I Don't Believe in Atheists

I Don't Believe in Atheists

Downloadable Audiobook - 2008
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Presents a critique of both religious and secular fundamentalists, arguing that the former support discrimination and that the latter promote undue dependence on such morally neutral disciplines as reason and science.
Publisher: [Minneapolis, Minn.] : HighBridge, p2008
ISBN: 9781598876284
Branch Call Number: eAudiobook
Characteristics: 1 sound file : digital
Additional Contributors: OverDrive, Inc
Alternative Title: I do not believe in atheists


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Oct 17, 2011

Jalyth does not know who Chris Hedges is? Why not find out his qualifications before slamming him solely because, “I’ve never heard of Chris Hedges before. I don't know who he is, or what his qualifications are.” If Jalyth had read the book Preface by Chris Hedges, he would have learned he wrote the book after debating Sam Harris and Christopher Hitchens. I suppose if writing a book as a result of the debated issues and to again refute his opponents’ arguments is name dropping, well, then it is name dropping.
Also in the preface, it is noted Chris Hedges is a Pulitzer Prize winning journalist, covering wars in Central America and the Middle East for the New York Times for 15 years, and was the NY Times Bureau Chief in the Middle East for about 6 years. Also, his Seminary education at Harvard probably taught him a thing or two of religion and religions.
While preachy in tone, Chris Hedges uses reason to explain why he does not believe in fanatical atheists as much as he does not believe in fanatical religious individuals, why humankind will not advance morally with their current, and natural animal, behavior. This book brings reality to the fallacy of faith; faith in scientific, religious, or any other single source to reach Utopia, pointing out the flaws in the human thought process. This is a reasoned reality check for society today.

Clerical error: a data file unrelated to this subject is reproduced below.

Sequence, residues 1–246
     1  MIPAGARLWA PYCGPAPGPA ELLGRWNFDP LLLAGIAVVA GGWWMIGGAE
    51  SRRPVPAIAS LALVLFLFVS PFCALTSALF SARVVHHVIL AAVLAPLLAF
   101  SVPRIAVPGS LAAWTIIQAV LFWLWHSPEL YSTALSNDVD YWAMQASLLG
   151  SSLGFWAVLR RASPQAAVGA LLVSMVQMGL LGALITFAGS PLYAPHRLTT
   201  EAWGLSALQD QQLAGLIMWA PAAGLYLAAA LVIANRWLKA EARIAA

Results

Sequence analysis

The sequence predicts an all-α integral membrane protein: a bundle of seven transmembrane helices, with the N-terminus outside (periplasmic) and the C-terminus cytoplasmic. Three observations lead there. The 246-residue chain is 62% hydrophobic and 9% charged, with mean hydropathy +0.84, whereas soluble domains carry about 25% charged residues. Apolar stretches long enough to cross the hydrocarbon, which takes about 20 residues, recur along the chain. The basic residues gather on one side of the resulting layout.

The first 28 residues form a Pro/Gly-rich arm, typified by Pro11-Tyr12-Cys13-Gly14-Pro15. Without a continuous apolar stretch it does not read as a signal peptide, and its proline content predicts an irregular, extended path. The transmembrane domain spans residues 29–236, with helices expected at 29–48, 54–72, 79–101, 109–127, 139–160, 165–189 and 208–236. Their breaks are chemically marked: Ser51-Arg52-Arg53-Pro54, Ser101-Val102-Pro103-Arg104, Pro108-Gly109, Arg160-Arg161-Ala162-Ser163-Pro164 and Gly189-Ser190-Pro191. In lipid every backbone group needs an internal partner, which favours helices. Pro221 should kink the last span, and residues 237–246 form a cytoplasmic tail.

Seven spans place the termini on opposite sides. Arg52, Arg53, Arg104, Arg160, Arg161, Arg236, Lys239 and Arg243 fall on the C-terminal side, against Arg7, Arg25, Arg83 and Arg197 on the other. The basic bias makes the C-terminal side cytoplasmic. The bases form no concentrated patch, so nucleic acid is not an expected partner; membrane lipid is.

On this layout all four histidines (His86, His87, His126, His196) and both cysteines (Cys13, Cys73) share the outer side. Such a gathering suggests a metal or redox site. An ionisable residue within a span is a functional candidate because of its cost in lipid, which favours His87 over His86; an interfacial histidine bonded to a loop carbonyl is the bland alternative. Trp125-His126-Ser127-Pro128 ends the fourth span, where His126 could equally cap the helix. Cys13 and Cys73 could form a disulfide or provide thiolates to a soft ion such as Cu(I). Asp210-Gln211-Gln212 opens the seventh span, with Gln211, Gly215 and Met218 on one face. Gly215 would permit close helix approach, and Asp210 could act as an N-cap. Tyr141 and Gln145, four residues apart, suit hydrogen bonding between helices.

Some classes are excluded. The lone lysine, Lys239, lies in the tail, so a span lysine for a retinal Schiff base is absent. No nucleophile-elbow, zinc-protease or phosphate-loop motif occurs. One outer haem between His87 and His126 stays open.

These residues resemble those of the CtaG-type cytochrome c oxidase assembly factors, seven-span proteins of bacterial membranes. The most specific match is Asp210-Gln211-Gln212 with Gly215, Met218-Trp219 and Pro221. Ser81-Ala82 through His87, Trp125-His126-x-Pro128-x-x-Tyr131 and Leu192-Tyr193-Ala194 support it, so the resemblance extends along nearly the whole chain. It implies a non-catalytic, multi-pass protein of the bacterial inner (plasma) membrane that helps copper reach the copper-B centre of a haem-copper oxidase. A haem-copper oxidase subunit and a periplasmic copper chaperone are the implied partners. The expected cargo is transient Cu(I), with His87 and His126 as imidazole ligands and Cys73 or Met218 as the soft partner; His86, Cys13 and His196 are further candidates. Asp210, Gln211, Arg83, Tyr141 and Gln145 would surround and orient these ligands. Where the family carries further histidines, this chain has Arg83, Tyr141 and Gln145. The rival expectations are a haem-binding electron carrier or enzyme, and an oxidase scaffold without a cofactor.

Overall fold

Jan 29, 2011

I've never heard of Chris Hedges before. I don't know who he is, or what his qualifications are.

He speaks about how we are hurting the planet, as a species, environmentally. I agree with that. Then he somehow blames it on Christopher Hitchens. That's where the disconnect comes in.

I think he could have a very interesting book discussing whether or not humanity as a whole is progressing morally (he thinks no). I think he could have a very interesting book critiquing much of what Hitchens has said, especially about Iraq.

This book is some strange combination of the two. He keeps talking about the "new atheists", which amounts as far as I can tell, to 4 people. Maybe they don't speak for all atheists? He seems to understand the difference between liberation theology and fundamentalist Christian beliefs such as a 6000-year-old earth.

Because I've heard of the atheists he condemns in this book, and not Hedges himself, I couldn't help but think that he is name-dropping. As if he wouldn't have been able to sell the book without reference to famous people. I could have really been into what he was saying; I think I agree with every political viewpoint he mentioned. I even think Hitchens is kind of a jerk and don't listen blindly to anything he says. However, this book didn't work for me. It felt vitriolic and polemical.


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